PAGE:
Canal District à la Rose

First of all, can we file this quote in Rose’s latest post under “Pot, Meet Kettle”:

I love Lorraine, but she can have a big mouth

Now…onto the real business.

I went to the DOT hearing on the proposed streetscape improvements to the Canal District last month.  I liveblogged it and summarized it.  (Also, at last night’s City Council meeting, Phil Palmieri mentioned that he and other councilors had had a meeting that day with those in charge of the project, so we can assume that the Councilors are somewhat in the loop, despite the hearing occurring on a Council night.)

Perhaps there’s a secret cabal that meets at Allen Fletcher’s house to hold seances to summon the spirits of Heidi’s Hippie Hideaway.  Perhaps he is a completely unreasonable person who pushes non-yuppies around every chance he can get in the hopes of having a waterway for his canoe.  Perhaps he wants to turn Green Island into his Own Private Montvale.  I can’t comment on those accusations.

I will say, though, that if Fletcher were in charge, the original design would have included lights on a more human (less highway) scale.  He mentioned this at the hearing.  If he’d met with them beforehand, and he were running the show, why wouldn’t that have been included so that he could compliment them on their foresight?

Despite conflicting with the Council meeting, the hearing was well-announced, well-attended, and open to the public.  I didn’t see Rosalie Tirella there, nor did either of the two neighborhood activists she mentioned get up to speak.  If you care so much about what happens in this neighborhood and if you call yourself a journalist, why exactly didn’t you show your face at the hearing, Rose?

Cheap Worcester Wednesdays

Those who know me know that I self-identify as a Cheap Yankee.  (One of my friends and I used to daydream about having our own radio show called “Cheap Yank”, where people could bond over our collective cheapness.  I was at his house this weekend and he offered me some tea.  “I got it at Price Rite.  It tastes like dirt, but I kind of like it.”  I think that pretty much sums up our attitude.)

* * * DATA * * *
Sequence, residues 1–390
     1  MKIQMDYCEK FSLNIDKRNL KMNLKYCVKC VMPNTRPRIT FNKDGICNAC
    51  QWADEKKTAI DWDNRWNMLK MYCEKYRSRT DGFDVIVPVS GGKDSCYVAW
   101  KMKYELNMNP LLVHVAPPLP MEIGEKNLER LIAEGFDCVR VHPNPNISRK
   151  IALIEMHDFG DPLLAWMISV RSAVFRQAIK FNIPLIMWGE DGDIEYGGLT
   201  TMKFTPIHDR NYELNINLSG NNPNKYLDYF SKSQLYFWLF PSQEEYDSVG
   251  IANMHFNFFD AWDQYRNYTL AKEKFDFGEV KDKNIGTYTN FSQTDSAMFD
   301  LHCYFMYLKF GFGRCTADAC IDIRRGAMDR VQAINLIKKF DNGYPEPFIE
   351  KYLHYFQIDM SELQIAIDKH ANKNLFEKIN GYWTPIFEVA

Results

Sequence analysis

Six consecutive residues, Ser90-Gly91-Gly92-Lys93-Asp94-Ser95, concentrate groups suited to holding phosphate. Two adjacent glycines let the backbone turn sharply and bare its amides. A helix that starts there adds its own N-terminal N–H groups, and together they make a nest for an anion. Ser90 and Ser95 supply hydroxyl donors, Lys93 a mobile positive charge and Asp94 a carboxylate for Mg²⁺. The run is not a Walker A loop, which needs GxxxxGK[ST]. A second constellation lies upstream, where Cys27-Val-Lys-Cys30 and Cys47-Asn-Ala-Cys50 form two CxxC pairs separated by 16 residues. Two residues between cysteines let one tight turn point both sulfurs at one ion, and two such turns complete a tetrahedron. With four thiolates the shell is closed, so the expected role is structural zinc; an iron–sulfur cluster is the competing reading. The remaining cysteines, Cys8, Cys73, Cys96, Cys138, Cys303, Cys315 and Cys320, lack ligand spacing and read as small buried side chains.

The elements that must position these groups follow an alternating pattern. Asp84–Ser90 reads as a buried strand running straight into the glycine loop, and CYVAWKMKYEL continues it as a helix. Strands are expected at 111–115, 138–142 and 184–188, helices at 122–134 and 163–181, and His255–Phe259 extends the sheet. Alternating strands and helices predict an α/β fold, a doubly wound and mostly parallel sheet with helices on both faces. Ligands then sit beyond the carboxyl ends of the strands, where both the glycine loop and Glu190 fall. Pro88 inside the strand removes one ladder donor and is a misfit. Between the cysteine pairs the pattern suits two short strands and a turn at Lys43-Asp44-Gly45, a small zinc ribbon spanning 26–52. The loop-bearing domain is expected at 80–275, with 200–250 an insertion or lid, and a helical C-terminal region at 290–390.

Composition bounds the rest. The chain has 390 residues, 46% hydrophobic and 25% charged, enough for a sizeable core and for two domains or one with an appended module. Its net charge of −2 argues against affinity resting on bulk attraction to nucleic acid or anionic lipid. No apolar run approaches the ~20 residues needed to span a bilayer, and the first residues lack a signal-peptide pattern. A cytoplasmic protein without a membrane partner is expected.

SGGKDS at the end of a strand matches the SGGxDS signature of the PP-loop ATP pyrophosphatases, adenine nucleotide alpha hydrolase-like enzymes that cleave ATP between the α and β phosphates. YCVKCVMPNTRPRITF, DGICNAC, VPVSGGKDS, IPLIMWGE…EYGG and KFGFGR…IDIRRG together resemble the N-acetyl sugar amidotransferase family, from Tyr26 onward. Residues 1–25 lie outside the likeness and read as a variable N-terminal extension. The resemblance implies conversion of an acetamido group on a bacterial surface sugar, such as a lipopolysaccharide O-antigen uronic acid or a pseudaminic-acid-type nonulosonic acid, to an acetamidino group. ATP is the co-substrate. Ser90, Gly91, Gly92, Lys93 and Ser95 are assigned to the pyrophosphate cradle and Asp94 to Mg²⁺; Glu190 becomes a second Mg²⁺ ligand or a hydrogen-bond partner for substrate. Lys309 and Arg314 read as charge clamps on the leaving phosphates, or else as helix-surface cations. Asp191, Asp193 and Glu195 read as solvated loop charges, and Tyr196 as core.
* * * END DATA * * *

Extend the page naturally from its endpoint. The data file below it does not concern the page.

Here’s how cheap I am: I bought nine kids’ books at the Salvation Army on Saturday and told my husband, “Only one of them was on sale, but I decided to splurge!”  And he gives me that “the regular price is 59 cents; you are approaching the cheap point of no return” look.  (But — let’s be real — I haven’t reached the point of no return because I actually bought the books.  Right?)

Charlene Arsenault had done a wonderful series in Worcester Magazine called “Chuckie’s Cheap Worcester” (see here and here) which brings tears to my eyes because Duffy’s (the epicenter of all that was cheap and wonderful) has closed.  (Even my elder son says things like, “It’s too bad Duffy’s closed,” and it’s been closed for over a year.  And he’s five!  So thriftiness must be genetic.  Also, we took his picture with the ladies who worked at Duffy’s right before it closed, so I like to think he has a special bond to the place.)

Since the “Chuckie’s Cheap Worcester” series is now a touch dated, I thought I’d do a regular, alliterative feature called “Cheap Worcester Wednesday.”  (I also welcome tips via email or comment, but I understand those who refuse to tell me about their favorite spot.  Sometimes when you’ve got a good source of goodies, you don’t want to share!)

So — for my first post in this series — I wanted to talk a little about gas prices.  (Well, actually, I didn’t, but my husband recommended it and he’s the kind of person who will drive an extra mile because he knows the gas is usually cheaper at this one station.  He’s also the kind of person who looks for excuses to make a trip to Fitchburg because there’s a stretch of Route 12 in Leominster, heading towards Fitchburg, where the gas prices are routinely 10 cents cheaper than they are in Worcester.  Does driving twenty miles one way completely defeat the purpose of saving money on gas?  You be the judge.)

My husband likes the Worcester Gas Prices website, which relies on users to post updates about gas prices.  He also uses the Price Chopper gas program, because that’s the supermarket where we tend to shop.  We tend to wait until we’ve got a big discount, and then he’ll fill up his tank when it’s pretty low, and also bring a gas container (so that we can take advantage of the 20-gallon maximum on the discount).  He also got the Shaw’s gas discount, purely by accident.  He was running low on gas, went to fill up at an Irving station, and the tank told him to put in his Shaw’s card, and got 20 cents off per gallon.

Does anyone else have any other gas tips?